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A student from Delhi School of Social work, Vineet is a part of Project Sakhi Saheli, an initiative by the students of Delhi school of Social Work to create awareness on Menstrual Health and combat Period Poverty. Along with MHM Action Fellow Sabna, Vineet launched Menstratalk, a campaign that aims to put an end to period poverty and smash menstrual taboos in society.

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A Computer Science engineer by education, Nitisha started her career in the corporate sector, before realising she wanted to work in the development and social justice space. Since then, she has worked with Teach For India and Care India and is from the founding batch of Indian School of Development Management (ISDM), a one of its kind organisation creating leaders for the development sector through its experiential learning post graduate program.

As a Youth Ki Awaaz Menstrual Health Fellow, Nitisha has started Let’s Talk Period, a campaign to mobilise young people to switch to sustainable period products. She says, “80 lakh women in Delhi use non-biodegradable sanitary products, generate 3000 tonnes of menstrual waste, that takes 500-800 years to decompose; which in turn contributes to the health issues of all menstruators, increased burden of waste management on the city and harmful living environment for all citizens.

Let’s Talk Period aims to change this by

Find out more about her campaign here.

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A former Assistant Secretary with the Ministry of Women and Child Development in West Bengal for three months, Lakshmi Bhavya has been championing the cause of menstrual hygiene in her district. By associating herself with the Lalana Campaign, a holistic menstrual hygiene awareness campaign which is conducted by the Anahat NGO, Lakshmi has been slowly breaking taboos when it comes to periods and menstrual hygiene.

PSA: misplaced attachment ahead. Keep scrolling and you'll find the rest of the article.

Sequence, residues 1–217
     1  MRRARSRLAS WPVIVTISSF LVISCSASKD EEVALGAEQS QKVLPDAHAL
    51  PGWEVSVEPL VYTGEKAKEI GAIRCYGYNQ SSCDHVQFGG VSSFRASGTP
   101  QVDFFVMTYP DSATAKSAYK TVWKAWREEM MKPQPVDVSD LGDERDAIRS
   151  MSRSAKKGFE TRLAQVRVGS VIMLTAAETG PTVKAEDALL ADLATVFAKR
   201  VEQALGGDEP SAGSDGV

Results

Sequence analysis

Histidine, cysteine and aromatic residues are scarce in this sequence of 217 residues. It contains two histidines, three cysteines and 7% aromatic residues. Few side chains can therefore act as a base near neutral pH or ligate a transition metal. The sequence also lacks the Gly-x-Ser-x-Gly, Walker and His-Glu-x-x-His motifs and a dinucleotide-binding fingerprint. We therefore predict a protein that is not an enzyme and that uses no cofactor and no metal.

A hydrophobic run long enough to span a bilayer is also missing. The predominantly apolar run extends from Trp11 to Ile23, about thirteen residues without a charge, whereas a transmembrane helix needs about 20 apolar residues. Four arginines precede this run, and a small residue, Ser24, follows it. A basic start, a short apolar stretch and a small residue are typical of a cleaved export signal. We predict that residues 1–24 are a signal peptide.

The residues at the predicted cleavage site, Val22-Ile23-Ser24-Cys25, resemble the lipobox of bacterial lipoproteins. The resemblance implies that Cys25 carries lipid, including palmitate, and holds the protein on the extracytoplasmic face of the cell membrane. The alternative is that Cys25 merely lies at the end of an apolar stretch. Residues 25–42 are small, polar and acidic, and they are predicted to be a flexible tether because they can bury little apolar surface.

A Gender Rights Activist working with the tribal and marginalized communities in india, Srilekha is a PhD scholar working on understanding body and sexuality among tribal girls, to fill the gaps in research around indigenous women and their stories. Srilekha has worked extensively at the grassroots level with community based organisations, through several advocacy initiatives around Gender, Mental Health, Menstrual Hygiene and Sexual and Reproductive Health Rights (SRHR) for the indigenous in Jharkhand, over the last 6 years.

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A Guwahati-based college student pursuing her Masters in Tata Institute of Social Sciences, Bidisha started the #BleedwithDignity campaign on the technology platform, demanding that the Government of Assam install
biodegradable sanitary pad vending machines in all government schools across the state. Her petition on has already gathered support from over 90000 people and continues to grow.

Bidisha was selected in’s flagship program ‘She Creates Change’ having run successful online advocacy
campaigns, which were widely recognised. Through the #BleedwithDignity campaign; she organised and celebrated World Menstrual Hygiene Day, 2019 in Guwahati, Assam by hosting a wall mural by collaborating with local organisations. The initiative was widely covered by national and local media, and the mural was later inaugurated by the event’s chief guest Commissioner of Guwahati Municipal Corporation (GMC) Debeswar Malakar, IAS.